Sunday, May 18, 2014

What color is your parachute? Or what will you make of your parachute?

 For the last three years, six semesters to be precise, I have co-taught a 400-level required journalism course with John Dille, the wise man in the video above.

John and I have made a great team.

We teach a course about the Business & Future of Journalism. John is awesome talking about 'Big B' Business. And I share lots of information about what newsrooms are doing these days to attempt to guarantee that they'll be around in the Future.

John had taught the class on his own for two semesters before I signed on. It didn't take long for us to get in step with each other, using some of what John had taught before and adding new wrinkles to the class syllabus. The topic is a moving target and we are constantly updating our class content. But even so, after six semesters together, we've gotten into a pretty smooth routine.
John and me at graduation 2014.

We were lucky to have each other. 

I was very lucky to teach with such a caring, passionate educator and journalist. And I think the best students leave our class understanding that too.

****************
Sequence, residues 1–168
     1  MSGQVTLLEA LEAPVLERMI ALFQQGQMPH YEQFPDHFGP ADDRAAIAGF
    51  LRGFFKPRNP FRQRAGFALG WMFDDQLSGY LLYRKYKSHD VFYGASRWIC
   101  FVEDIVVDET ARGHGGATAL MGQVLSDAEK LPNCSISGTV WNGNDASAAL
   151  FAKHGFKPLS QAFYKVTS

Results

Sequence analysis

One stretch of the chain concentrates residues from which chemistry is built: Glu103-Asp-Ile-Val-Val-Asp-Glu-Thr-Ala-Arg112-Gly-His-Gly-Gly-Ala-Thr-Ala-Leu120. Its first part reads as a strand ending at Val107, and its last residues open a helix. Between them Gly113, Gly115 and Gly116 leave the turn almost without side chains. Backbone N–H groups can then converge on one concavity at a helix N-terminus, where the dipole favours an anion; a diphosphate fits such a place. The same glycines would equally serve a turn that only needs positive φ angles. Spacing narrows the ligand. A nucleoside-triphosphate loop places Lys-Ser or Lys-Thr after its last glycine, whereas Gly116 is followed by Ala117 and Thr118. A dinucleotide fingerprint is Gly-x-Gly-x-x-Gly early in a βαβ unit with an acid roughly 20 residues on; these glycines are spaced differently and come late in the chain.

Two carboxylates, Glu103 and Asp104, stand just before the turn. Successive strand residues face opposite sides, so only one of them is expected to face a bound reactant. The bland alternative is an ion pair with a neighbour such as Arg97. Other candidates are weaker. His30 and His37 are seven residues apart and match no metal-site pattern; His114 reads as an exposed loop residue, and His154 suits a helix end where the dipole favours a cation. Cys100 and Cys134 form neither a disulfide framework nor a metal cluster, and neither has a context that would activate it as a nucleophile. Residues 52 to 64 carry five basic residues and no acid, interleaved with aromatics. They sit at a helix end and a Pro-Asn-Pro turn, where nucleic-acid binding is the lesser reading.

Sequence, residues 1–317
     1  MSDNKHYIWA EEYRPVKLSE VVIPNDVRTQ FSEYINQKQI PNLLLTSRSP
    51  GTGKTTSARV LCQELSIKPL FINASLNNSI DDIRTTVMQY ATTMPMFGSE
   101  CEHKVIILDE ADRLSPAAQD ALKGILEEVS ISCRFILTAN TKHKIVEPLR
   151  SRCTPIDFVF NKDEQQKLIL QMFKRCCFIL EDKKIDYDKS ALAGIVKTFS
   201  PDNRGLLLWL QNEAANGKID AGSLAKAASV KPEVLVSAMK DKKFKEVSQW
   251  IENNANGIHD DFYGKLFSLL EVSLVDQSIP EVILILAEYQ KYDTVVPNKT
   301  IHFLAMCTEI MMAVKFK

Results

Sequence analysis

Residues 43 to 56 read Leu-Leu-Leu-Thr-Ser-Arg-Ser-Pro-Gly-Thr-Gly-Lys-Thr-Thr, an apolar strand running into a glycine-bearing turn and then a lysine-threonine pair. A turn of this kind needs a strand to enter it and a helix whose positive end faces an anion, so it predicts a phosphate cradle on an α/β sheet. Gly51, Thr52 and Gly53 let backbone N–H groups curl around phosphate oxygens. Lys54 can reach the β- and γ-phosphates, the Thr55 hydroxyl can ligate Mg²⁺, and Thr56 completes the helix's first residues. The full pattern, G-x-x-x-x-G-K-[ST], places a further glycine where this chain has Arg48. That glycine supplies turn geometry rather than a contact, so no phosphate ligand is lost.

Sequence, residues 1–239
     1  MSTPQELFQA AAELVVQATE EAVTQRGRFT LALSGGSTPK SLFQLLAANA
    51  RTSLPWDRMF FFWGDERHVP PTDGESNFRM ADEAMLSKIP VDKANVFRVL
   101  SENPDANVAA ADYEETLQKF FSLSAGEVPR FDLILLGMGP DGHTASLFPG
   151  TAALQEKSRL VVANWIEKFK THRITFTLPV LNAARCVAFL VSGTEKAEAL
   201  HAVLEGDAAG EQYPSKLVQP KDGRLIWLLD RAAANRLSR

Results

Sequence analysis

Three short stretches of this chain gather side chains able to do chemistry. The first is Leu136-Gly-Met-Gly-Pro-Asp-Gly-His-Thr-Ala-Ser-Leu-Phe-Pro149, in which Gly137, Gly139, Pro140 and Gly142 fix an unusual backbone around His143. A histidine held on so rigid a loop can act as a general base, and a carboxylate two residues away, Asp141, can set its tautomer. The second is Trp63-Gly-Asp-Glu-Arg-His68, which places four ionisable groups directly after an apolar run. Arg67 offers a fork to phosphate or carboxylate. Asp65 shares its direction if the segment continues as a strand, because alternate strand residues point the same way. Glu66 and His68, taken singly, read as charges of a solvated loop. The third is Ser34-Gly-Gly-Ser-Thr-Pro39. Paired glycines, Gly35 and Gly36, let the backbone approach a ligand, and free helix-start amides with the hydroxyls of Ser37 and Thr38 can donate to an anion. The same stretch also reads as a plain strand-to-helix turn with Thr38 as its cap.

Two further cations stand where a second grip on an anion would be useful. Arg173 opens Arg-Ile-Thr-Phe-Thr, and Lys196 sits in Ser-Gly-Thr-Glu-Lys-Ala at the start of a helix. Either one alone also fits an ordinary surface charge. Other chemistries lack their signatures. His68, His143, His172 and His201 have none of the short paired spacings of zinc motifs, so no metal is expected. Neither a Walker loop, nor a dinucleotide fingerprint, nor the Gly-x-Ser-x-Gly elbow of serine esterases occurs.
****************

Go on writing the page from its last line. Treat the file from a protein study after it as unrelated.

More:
In the final minutes of the final day of each semester, we offer some last words of advice to our students. I tell tell them not to be afraid to change directions along the way and to remember that they are snowballs - always accumulating knowledge, experience, skills that will serve them well no matter what they do.

John tells them the story caught on video above.

Because Spring 2014 at the Cronkite School of Journalism has been our final semester (we're going to take a little break), I was moved to record the tale that John always shares during these last minutes that we still have the students' attention. It's a winner. Even graduating seniors stop and take note. You should watch it.

Our class from the Spring 2013 semester. They look extra-serious because they are taking a quiz.

Robin Phillips, Phoenix 

1 comment:

John Dille said...

When the Dean paired us neither knew how this partnership might fare. Sounded good, but who knew, really.
It was terrific! Our career experiences complimented themselves not just to our satisfaction, but I believe to the students’ benefit. In any case, I did.
The collaboration lightened the workload (still a lot of work) and I learned a ton, from the students, from Robin, from other faculty. Good deal all around.
As Robin says, we were lucky.
I just hope viewers of the video know my profanity was quoting my old boss and not language regularly used in class.

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